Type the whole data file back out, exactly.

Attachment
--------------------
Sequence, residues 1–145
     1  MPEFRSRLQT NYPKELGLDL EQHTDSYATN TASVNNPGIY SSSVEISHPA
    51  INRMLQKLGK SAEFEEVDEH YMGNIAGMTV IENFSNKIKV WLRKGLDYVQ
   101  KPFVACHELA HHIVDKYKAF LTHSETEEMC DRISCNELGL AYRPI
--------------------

Sequence, residues 1–145
     1  MPEFRSRLQT NYPKELGLDL EQHTDSYATN TASVNNPGIY SSSVEISHPA
    51  INRMLQKLGK SAEFEEVDEH YMGNIAGMTV IENFSNKIKV WLRKGLDYVQ
   101  KPFVACHELA HHIVDKYKAF LTHSETEEMC DRISCNELGL AYRPI